Release #07.SPA
July 9, 2007

Spirit Airlines Forces Pilots To Fly Long International Hours Without Commensurate Pay

FT. LAUDERDALE – The Spirit pilots, represented by the Air Line Pilots Association, International, are calling foul on their management which is forcing them to fly longer hours internationally over those agreed to in the contract to make up for staffing shortages, and then not compensating pilots appropriately.

Ft. Lauderdale-based Spirit airlines committed to flying that it did not staff itself to perform. As a result, the airline is now attempting to circumvent the pilots’ union and make individual arrangements with pilots to perform flying in violation of contractual limits. Vacations have been improperly denied and schedules have been set up which bear no relationship to the actual flying hours that are required.

Spirit pilots stepped up to help the company with a concessionary contract in 2003 that was designed to allow Spirit to survive and grow. At that time the Company demanded that Caribbean and Latin American flying be treated as domestic flying, thereby allowing the company to avoid paying international overrides to pilots performing such assignments. To protect pilots from fatigue and enhance the safety of Spirit operations, the union insisted that in agreeing with the demands, the company had to follow domestic hours of service rules, which are more restrictive than international hours of service rules. This system has worked for more than three years.

Now, in the face of its self-inflicted staffing shortage, Spirit management insists that it can require pilots flying into the Caribbean or Latin America to perform additional flying pursuant to international hours of service rules, but still deny them the international override.

“This is a case of the company wishing to have its cake and it eat too,” said Captain Matt Nowell, head of Spirit ALPA unit, “but our pilots are not interested in being played for saps in this fashion and ALPA will fight this absurd violation in every forum necessary, seeking full redress for any member affected.”

Along with demanding that pilots fly additional hours under international rules while refusing to pay for it, Spirit Airlines management is also circumventing the union and its contract on the domestic front by trying to persuade Spirit pilots, who already fly more than most legacy carriers, to risk fatigue by flying more. The Spirit pilots’ contract contains specific limits on how many times you can be ordered to fly when you are not scheduled to do so (i.e. junior manned). The company is trying to persuade pilots to circumvent these limits and ALPA by offering pay incentives not negotiated with the union.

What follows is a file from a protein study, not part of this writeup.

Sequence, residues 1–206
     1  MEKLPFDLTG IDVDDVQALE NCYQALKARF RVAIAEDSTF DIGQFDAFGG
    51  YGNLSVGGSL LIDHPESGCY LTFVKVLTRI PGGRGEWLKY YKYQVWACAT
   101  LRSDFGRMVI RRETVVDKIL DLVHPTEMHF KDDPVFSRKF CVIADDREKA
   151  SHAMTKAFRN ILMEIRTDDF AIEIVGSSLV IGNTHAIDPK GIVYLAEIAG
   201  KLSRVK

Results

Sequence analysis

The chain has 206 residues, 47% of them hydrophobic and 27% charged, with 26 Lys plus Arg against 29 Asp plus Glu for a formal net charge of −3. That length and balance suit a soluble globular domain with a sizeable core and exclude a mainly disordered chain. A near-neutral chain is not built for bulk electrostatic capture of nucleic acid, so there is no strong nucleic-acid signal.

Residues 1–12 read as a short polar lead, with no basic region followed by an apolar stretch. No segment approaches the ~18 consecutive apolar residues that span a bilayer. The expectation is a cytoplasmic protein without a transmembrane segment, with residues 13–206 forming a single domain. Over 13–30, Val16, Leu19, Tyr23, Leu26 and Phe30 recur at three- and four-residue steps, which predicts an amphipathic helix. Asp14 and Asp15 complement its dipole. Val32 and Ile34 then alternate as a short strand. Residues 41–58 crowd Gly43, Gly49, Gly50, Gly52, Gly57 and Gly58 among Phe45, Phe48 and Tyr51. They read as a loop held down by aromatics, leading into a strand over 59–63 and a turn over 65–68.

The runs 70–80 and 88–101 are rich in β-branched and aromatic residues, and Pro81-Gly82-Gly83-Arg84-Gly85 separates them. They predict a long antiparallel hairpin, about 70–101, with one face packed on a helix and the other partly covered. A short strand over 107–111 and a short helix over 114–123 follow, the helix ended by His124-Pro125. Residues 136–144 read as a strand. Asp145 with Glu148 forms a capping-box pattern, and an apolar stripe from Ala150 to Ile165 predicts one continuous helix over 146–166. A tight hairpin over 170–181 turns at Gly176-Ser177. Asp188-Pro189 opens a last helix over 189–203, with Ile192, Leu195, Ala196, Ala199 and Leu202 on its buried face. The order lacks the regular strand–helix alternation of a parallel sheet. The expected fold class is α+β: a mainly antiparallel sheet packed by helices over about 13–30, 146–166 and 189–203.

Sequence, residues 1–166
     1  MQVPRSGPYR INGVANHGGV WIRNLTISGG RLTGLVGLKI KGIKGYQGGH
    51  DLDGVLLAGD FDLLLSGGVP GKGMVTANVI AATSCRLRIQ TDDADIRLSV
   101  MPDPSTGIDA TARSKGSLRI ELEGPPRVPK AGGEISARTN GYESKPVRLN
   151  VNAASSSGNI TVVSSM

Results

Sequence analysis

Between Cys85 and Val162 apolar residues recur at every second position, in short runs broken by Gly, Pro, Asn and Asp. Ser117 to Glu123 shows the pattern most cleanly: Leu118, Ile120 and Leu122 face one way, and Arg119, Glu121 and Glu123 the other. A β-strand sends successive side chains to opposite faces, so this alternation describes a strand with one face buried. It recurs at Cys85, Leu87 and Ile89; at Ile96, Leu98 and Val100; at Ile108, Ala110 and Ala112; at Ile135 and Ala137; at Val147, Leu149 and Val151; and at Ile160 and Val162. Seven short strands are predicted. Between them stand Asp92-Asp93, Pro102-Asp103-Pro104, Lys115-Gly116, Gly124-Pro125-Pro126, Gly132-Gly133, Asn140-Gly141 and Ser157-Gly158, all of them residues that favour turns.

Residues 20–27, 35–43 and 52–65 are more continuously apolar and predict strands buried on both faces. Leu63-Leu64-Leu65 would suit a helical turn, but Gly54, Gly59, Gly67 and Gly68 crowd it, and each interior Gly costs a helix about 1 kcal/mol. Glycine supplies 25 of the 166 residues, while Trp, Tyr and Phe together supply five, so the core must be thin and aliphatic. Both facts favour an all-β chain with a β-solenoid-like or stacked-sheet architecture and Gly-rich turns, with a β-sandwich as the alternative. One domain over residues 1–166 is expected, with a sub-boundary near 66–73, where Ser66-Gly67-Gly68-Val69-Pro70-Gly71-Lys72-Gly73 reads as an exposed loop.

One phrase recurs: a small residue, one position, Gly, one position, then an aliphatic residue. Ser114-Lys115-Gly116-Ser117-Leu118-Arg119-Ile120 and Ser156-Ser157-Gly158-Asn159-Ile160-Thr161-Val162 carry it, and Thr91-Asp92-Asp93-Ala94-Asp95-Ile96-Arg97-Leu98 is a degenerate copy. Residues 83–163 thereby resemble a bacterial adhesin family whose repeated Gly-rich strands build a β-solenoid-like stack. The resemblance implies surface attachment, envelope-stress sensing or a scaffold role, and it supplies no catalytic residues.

“The limits on junior manning—or forced flying when a pilot is not scheduled to fly—were put in the contract to assure safety and ensure that we don’t have fatigued pilots in the cockpit,” said Capt. Nowell. “ALPA is instructing its pilots to reject these obvious bribes and put the safety of our passengers above all else. We are committed to providing first rate service to the public. The company needs to address the pilot staffing shortage instead of resorting to these dangerous machinations.”

Spirit pilots have been in negotiations with the company for more than ten months. Pilots are committed to working with management to reach a fair new mutually acceptable collective bargaining agreement that addresses the pilots’ professional abilities and allows the company to grow and prosper. It is disappointing that Spirit Airlines has followed the example of Northwest Airlines’ recent fiasco with respect to inadequate staffing and pressuring pilots to bypass contractual protections and limits.

“Spirit pilots call on our management to ignore destructive actions used elsewhere in the industry and focus on running an honest operation that respects its pilots, their families and our union,” added Nowell. “It’s in everyone’s best interest, including our passengers.”

Founded in 1931, ALPA is the world’s largest pilot union, representing more than 60,000 pilots at 41 airlines in the United States and Canada, including 450 pilots who fly for Spirit Airlines. Visit the ALPA website at

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ALPA Contacts: Karen Byer or Anya Piazza, (703) 481-4440